Politically, the interesting thing is that the EU solution (the Greek rescue deal of the 21st of July) came to many as a positive surprise: the EU and EMU were already seen as dying. By contrast, it came to many as a negative surprise that the US would be in such a dramatic situation ahead of this week’s deadline to raise the debt cap. This is because the EU has had for a long time a very bad press: in many regards it acts as a political scapegoat, an unelected body used to relieve national elected politicians of their responsibilities for anything that goes wrong. Just to the contrary, the US are often idealised, even by those who dislike it, as a ‘superpower’ able to decide and to act, unlike the headless EU. In fact, the crisis has shown that both EU and US are politically very dysfunctional. And economically in crisis: actually, despite all that has been said for about thirty years, the US are in a worse situation. Their debt is much bigger than the aggregate EU or EMU ones, and their economic and social fundamentals are also worse: higher unemployment, higher debt, worse trade deficit. In fact, once one looks at America, the ‘disastrous’ EMU problems strike for their small nature: all the fuss about Greece, but the whole Greek debt amounts to just 2.2% of the Eurozone's GDP. Even rescuing the whole of it would not be such a big cost for the EU, in the broader order of things and of the whole money spent to rescue the banks. The EU problem is political more than economic: it does not have the tools to face the economic problems.

If both EU and US are politically dysfunctional, they are so in very different, and sometimes, surprising, ways. Let’s look at the ways they have faced the crisis.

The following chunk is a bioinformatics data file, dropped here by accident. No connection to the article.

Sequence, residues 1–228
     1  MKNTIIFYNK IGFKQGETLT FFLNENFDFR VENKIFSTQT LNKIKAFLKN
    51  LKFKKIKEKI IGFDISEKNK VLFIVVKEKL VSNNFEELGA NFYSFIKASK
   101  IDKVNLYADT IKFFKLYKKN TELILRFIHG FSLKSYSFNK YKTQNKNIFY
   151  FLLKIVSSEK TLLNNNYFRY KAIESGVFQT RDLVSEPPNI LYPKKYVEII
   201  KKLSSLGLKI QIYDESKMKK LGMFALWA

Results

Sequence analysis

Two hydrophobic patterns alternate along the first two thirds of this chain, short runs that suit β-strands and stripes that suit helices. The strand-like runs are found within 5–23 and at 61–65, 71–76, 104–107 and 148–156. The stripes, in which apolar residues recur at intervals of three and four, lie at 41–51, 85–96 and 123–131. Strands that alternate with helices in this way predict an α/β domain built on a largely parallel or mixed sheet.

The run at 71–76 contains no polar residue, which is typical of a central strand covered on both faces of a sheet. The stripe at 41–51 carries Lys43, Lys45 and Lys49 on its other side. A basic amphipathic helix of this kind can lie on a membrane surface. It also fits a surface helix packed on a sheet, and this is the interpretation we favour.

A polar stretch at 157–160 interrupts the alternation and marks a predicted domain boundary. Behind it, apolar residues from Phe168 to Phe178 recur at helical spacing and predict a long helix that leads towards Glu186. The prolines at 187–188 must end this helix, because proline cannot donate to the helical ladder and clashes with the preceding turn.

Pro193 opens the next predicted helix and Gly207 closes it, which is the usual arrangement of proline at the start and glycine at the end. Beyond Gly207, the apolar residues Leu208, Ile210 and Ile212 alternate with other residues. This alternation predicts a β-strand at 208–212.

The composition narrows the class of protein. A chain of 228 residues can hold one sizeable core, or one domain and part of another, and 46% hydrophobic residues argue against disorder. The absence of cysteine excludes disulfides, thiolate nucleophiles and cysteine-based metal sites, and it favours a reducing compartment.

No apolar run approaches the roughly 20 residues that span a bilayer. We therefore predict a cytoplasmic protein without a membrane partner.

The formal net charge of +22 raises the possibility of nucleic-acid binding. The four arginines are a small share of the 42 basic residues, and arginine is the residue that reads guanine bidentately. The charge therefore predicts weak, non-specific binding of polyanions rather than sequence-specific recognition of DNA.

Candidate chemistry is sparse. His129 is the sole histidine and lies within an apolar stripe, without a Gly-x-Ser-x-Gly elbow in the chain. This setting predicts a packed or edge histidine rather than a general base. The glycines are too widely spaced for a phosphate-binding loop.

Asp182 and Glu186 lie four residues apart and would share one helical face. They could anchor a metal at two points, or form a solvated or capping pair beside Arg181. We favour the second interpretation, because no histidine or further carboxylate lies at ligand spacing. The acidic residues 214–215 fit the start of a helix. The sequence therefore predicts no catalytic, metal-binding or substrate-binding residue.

First, the EU deal. For an institution that has near-universal bad press, it was surprising to see, in the immediate aftermath of the last Greek rescue, a near-unanimous praise. This time, the Greek rescue was approved by all EMU countries, including the previously ‘refuseniks’ (and hyper-Thatcherite) Slovaks. The Greek rescue seemed in fact to achieve many things. First, it was bigger than the previous ones, evoking even the memory of the Marshall Plan. Second, it included a reasonable share of private sector contribution: about one third of what had been asked, but still substantial enough considering that banks wanted to pay nothing, as proven by the fact that the share prices of the contributing banks have been hit quite hard. Third, it reduced significantly the interest rates that Greece and the other rescued countries were paying, which at above 5% were making it impossible to get out of the hole. Fourth, by re-lending money over a period up to 40 (!) years, this was quite an ingenious way to cover up what looked like a default – or at least to stick it under the carpet. If one adds to this the plans for a long-needed European rating agency, the rescue package looked like a major step towards EU-level economic governance and fiscal federalism: with some fifteen years delay, the necessary political spill-over of EMU is starting to be conceived. This was positively surprising, considering the conflicts and divergences of the previous weeks - something we actually should be used to in the multi-level horse trading political system of the EU. Even more surprising, considering that only in Spring 2010 Merkel was still ridiculously defending the no-bailout article103 of the Maastricht Treaty – a ‘wishful thinking’ article which could have equally well declared ‘the EU does not use the umbrella, so it will never rain’.